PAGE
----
We chose the latter and so the day of offroad Nissan testing began.
Really we were lulled into a false sense of security. We calculated the distance as 40 miles of unsurfaced road, however the start of the road appeared surfaced and some 5 miles later we thought this was going to be easy.
All of a sudden though the tarmac disappeared and was replaced with a very bumpy and stoney road surface where our maximum speed was 10 MPH (miles per hour). Any faster and nissy's suspension resonated against the road surface whose striped surface looked like it had been scraped with a piste flattening machine. A quick calculation with the GPS now showed that we still had 40 miles i.e. 4 hours to go.
This looked possible but difficult so we continued only to be faced with a small river crossing. Luckily there was a bypass so we continued. 2 hours later we were getting scared!
All Marcus could think of was wanting it to be over and Agata was not saying anything.
On sandy patches the car completely lost traction but at least it was bumpy. Hopefully the car would make it! And then it happened, a large patch of sand, we accelerated, kept the steering wheel straight and cleared one, two, three bumps then Stuck. Nissy was now nicely stuck on a bed of sand rear wheels spinning. After some attempts at accelerating out which suceeded in lowering the rear of the car further we started to dig out nissy. Note to self: If this happens next time perhaps best to take PDA and valuables out of pockets as they will get filled with sand. Note2: Exhaust is hot and when using hands as spades dont react well to burning hot metal.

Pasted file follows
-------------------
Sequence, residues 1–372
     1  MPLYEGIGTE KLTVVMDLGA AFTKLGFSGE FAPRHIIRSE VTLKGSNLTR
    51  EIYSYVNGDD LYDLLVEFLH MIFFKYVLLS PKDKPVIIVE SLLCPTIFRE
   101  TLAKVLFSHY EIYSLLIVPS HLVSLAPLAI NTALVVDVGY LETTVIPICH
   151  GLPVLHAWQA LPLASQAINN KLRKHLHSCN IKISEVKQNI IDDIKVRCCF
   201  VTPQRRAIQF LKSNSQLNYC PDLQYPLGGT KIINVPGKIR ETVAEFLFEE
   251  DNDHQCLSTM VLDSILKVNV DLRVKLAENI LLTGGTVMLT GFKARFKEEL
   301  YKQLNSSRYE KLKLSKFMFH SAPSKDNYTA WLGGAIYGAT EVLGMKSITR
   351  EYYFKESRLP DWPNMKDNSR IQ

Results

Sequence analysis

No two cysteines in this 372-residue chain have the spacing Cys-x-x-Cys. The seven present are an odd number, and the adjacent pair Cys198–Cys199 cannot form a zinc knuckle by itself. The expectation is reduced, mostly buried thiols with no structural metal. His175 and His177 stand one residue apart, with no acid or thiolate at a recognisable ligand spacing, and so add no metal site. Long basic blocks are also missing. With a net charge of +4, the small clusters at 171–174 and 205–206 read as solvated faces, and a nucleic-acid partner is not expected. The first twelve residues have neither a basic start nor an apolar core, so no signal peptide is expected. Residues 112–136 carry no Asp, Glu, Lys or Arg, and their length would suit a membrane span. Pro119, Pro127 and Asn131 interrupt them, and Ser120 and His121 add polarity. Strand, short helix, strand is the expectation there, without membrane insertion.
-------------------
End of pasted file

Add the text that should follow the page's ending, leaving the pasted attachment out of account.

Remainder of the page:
30 minutes later we were still digging but a white Jeep showed up. They were worried they would also get stuck and we also realised how flimsy the front and rear of Nissy was. It is just plastic bumpers that deform wildly if you attempt to push them and with all 4 of us pushing still no movement.
We started moving and we were free again!So now all that remained is another 18 miles of slow progress until we got to the end of this road. So almost 2 more hours later we finally emerged
Page sited: A town that was custom created during the Canyon Dam construction phase it was cited as Drab in the Lonely Planet book. Whilst nothing special it serves the local area quite well and apart for the church overpopulation (we counted 8 churches in a single street) it seemed like an OK place.
Accomodation: Marriot Courtyard Page. We booked this expensive hotel on the Internet and it provided a welcome refuge though when we arrived lunch was closing and the restaurant manager seemed very keen to recommend the in town food.
And then as nice tidy people we took Nissy to a car wash where we manually washed the outside and thorougly cleaned the inside. We felt she deserved it!
Glen Canyon Dam: We arrived 2 minutes too late to go on the Dam tour which we had been really excited about taking. Instead we made do by watching an impressive video about the Dam's construction and about how this was the backdrop for the town of Page and surrounding areas development.
With no tour we made the best of things with the Extended Hanging Garden Trek :
Turn off 1 mile east of Glen Canyon Bridge where you see a yellow hiker picture. Continue 200 yards till you see another hicker picture. Park car. Follow numbered metal sticks to hanging gardens. Here is the official guide.
We had optimistically packed swimming costumes as one of the Dam staff siad the Walk could be extened to the Dam's edge. This turned out to be true but we meet the waters edge about a hundred metres up. Swim aborted!